Recently, doctors Alan Gaby and Jonathan Wright presented their Nutritional Therapy in Medical Practice course in Phoenix, Arizona at a symposium given by the American Academy of Anti-Aging Medicine (A4M). The doctors have been teaching nutritional therapy together to other physicians since 1983. The point of the course is to provide the most current information on the use of diet, nutrients, herbs, and other natural substances in medical practice. The conference is geared toward medical practitioners, not necessarily laymen and women. But there were some tasty tidbits gleaned from the conference that are appropriate to share with everyone.
For instance, conference goers learned that magnesium can treat a host of other ailments besides heart disease. Doctors Gaby and Wright noted that magnesium is known to play an important role in energy production. A high dosage of magnesium (up to 2000 mg in some cases) administered intravenously with zinc and vitamin C gives relief to many of their patients suffering from insomnia, and chronic fatigue syndrome. So be sure to take a multivitamin that contains magnesium, vitamin C, and zinc in order to avoid a deficiency.
The doctors are all for eating eggs because of their phospholipids which keep brain-cell membranes healthy, but they cautioned against frying or scrambling eggs because of the oxidation process that eggs go through when exposed to air and cooked at high temperatures. They recommended eating poached or boiled eggs instead. Be sure to chew those eggs thoroughly before swallowing, along with all the rest of the food you eat. Their research has shown that many foods are better digested by saliva (especially foods like pasta and bread) than stomach acid. And chewing tougher foods like meats and nuts helps the stomach acid break down the food further, allowing the intestines to glean more nutrients from the proteins. If you’re over 40, your stomach may be producing inadequate amounts of acid, so supplements of hydrochloric acid and pepsin (given under a doctor’s supervision) will help to digest protein. Impaired digestion can to memory loss, insomnia, and weak muscles.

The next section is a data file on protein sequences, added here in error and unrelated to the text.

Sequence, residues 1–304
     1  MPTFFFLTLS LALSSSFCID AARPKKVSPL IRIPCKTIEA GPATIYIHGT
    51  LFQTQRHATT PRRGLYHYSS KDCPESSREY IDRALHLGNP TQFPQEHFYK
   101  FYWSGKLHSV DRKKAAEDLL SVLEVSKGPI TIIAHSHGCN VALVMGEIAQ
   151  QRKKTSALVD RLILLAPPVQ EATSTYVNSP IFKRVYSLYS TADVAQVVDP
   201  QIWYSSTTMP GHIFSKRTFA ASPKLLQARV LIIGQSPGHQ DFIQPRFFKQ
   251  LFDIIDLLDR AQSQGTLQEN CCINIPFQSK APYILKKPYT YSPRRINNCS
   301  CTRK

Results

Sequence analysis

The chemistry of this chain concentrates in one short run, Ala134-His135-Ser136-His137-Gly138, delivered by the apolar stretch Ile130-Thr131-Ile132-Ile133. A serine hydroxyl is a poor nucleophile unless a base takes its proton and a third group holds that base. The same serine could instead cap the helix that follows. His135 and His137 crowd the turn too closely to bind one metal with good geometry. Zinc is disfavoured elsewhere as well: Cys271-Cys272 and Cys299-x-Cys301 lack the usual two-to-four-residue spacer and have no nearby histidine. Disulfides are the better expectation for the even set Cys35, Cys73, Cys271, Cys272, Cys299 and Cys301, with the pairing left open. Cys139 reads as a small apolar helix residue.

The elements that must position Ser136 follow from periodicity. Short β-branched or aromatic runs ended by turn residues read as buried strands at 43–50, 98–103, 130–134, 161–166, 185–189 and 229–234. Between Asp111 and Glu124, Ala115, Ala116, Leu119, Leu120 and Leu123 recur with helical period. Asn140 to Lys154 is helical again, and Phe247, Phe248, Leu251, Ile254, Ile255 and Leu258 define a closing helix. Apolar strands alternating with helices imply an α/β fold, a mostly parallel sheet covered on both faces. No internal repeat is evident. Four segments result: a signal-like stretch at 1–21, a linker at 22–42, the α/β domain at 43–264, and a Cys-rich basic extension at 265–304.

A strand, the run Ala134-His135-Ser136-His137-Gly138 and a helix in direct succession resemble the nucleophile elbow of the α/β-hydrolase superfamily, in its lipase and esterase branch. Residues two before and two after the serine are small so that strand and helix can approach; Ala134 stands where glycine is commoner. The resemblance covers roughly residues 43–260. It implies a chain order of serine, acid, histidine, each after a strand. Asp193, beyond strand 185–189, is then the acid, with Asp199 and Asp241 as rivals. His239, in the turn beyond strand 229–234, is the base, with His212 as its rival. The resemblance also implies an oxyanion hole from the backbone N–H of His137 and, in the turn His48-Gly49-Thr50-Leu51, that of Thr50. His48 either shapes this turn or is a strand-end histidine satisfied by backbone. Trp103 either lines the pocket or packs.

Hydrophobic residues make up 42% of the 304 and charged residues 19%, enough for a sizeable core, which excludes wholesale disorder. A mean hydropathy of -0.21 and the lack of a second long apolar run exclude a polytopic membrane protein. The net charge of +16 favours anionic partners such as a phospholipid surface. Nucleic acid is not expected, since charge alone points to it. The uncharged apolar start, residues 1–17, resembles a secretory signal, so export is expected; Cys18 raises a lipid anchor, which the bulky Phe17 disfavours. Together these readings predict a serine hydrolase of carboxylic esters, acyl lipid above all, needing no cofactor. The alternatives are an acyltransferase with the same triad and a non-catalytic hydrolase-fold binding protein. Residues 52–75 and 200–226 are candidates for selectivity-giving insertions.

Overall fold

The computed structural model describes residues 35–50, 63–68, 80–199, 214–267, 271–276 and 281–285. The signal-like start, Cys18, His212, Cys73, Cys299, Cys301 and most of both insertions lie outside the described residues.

It turns out that while eating cranberries is still effective in preventing urinary tract infections of all kinds, blueberries are more effective in preventing certain kinds of urinary tract infections (those caused by E. coli infections), according to doctors Gaby and Wright. So while cranberries and blueberries were validated as healthy food choices, cow’s milk was not so lucky. The doctors like to say that cow’s milk belongs in little cows and not in little people. Drinking cow’s milk may increase the risk of developing insulin-dependent diabetes. And they suspect that homogenized milk is a cause of atherosclerosis, independent of its fat content.
High-fructose corn syrup has been vilified for its effect on blood sugar, but the doctors discovered that it’s biggest vice can be used for good. They showed that high-fructose corn syrup can be used to inhibit insulin production in people with hypoglycemia (low blood sugar).
And they gave these cooking tips: 1) a few drops of liquid potassium iodide—you can find this at Whole Foods markets—added to the water of beans during soaking will help make the beans more digestible and reduce their ability to produce gas. 2) If you must fry food—they prefer you don’t—use coconut oil or olive oil instead of vegetable oil. Vegetable oil can form dangerous lipid peroxides when heated to a high temperature. 3) Low and slow is the best way to cook meats since animal fats produce more toxic byproducts when cooked at high temperatures. So keep the heat low and cook meats for a longer period of time—no grilling or broiling.
The Nutritional Therapy in Medical Practice course went on to cover specific conditions and how they can be treated using diet, hormones, and other supplements. For those of you interested in learning more about the course or reading its accompanying textbooks (directed to medical professionials), visit http://www.wrightgabynutrition.com/gaby/page4.html .
The doctors have also written a book directed to consumers called Natural Medicine, Optimal Wellness: The Patient’s Guide to Health and Healing. According to Christiane Northup, M.D., author of The Wisdom of Menopause, the doctors’ book is “destined to become a classic resource for all who seek effective, non-toxic solutions to their health problems.”
Reduce inflammatory process in cells, tissues, and blood vessels, helping to slow aging and reduce risk of long-term disease.
Prevents and repairs oxidative damage to cells caused by free radicals.
Support the body’s resistance to infection and strengthen immune vigilance and response.
Improves mood, memory, and focus.
Reduces risk factors for common degenerative and age-related diseases.